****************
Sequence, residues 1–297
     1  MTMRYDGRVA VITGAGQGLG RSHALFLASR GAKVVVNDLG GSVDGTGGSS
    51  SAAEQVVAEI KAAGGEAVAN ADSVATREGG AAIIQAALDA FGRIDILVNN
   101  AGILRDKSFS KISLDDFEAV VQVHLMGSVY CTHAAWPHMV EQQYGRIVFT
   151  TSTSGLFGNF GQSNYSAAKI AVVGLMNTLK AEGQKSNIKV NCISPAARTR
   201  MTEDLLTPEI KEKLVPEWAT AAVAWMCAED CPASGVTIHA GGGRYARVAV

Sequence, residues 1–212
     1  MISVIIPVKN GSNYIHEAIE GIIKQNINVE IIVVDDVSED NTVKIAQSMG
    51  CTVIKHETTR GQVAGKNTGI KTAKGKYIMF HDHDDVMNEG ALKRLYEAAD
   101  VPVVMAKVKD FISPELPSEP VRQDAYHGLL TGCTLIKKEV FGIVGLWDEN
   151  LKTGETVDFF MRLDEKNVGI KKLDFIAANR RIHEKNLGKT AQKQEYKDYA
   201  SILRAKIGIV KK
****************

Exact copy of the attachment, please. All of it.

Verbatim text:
Sequence, residues 1–297
     1  MTMRYDGRVA VITGAGQGLG RSHALFLASR GAKVVVNDLG GSVDGTGGSS
    51  SAAEQVVAEI KAAGGEAVAN ADSVATREGG AAIIQAALDA FGRIDILVNN
   101  AGILRDKSFS KISLDDFEAV VQVHLMGSVY CTHAAWPHMV EQQYGRIVFT
   151  TSTSGLFGNF GQSNYSAAKI AVVGLMNTLK AEGQKSNIKV NCISPAARTR
   201  MTEDLLTPEI KEKLVPEWAT AAVAWMCAED CPASGVTIHA GGGRYARVAV

Sequence, residues 1–212
     1  MISVIIPVKN GSNYIHEAIE GIIKQNINVE IIVVDDVSED NTVKIAQSMG
    51  CTVIKHETTR GQVAGKNTGI KTAKGKYIMF HDHDDVMNEG ALKRLYEAAD
   101  VPVVMAKVKD FISPELPSEP VRQDAYHGLL TGCTLIKKEV FGIVGLWDEN
   151  LKTGETVDFF MRLDEKNVGI KKLDFIAANR RIHEKNLGKT AQKQEYKDYA
   201  SILRAKIGIV KK